When building the schedules, it’s a good idea to designate one of the treatment chairs as the “rookie” or “training” chair. The mix of procedures scheduled for this chair can be controlled, and additional time can be allowed before and after the procedures so that an inexperienced assistant has the chance to become proficient without consistently falling behind in the schedule.
We take advantage of our software’s “On Deck” display as well as light systems for guiding the orthodontists between patients. As patients sign in for their appointments, their names pop up on our On Deck system and at a glance we can see who is here and how long they have been waiting. Our assistants can then see patients in their scheduled order. The light-signaling systems can be hard-wired within the office or may be incorporated into the management software. These systems enable the assistants to silently signal the orthodontists when they’re ready for a procedure that requires doctor time.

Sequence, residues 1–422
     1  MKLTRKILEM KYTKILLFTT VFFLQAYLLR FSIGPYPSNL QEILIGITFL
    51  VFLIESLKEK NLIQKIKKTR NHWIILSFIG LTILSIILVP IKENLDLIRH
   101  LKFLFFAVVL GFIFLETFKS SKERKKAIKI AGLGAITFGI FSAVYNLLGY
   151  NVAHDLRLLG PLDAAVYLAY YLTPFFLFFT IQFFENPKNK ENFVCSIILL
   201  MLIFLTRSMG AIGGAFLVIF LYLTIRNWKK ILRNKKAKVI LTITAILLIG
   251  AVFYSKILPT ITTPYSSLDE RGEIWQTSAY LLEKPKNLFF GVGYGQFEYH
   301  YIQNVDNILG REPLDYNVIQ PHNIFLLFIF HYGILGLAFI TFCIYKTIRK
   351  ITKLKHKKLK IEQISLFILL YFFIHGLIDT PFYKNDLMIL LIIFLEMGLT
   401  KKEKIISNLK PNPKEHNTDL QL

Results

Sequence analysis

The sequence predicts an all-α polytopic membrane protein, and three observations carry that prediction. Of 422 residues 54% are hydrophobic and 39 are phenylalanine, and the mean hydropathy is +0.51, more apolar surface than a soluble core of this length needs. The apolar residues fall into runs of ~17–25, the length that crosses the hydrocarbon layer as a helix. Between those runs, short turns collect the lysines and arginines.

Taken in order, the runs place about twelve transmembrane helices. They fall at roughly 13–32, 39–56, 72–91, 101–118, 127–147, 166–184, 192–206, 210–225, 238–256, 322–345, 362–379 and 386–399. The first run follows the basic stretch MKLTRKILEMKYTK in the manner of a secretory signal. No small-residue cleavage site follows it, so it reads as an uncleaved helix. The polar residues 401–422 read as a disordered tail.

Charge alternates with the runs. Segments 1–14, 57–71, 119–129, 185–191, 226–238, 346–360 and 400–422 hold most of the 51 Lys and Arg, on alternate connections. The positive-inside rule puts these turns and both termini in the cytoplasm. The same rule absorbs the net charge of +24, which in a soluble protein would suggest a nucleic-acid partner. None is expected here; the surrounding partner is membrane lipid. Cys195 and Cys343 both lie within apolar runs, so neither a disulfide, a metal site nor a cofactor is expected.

What to Do When It Goes Wrong
Even with all of these carefully organized systems, every practice has an occasional “bad day.” We’ve all experienced the pressure of multiple patients being kept waiting well beyond their scheduled appointment times. When things start to go wrong early in the day, it can have a ripple effect and cause problems throughout the entire schedule.
When we’re in the midst of one of these rare days, our orthodontists and staff do their best to “Acknowledge, Apologize, and Accommodate.” It’s especially important that the orthodontists participate in this process. Acknowledgment doesn’t mean making excuses. Patients usually don’t want to hear that “An assistant called in sick” or “Our server is down.” A simple, sincere apology will go a long way toward making a patient feel better about being kept waiting.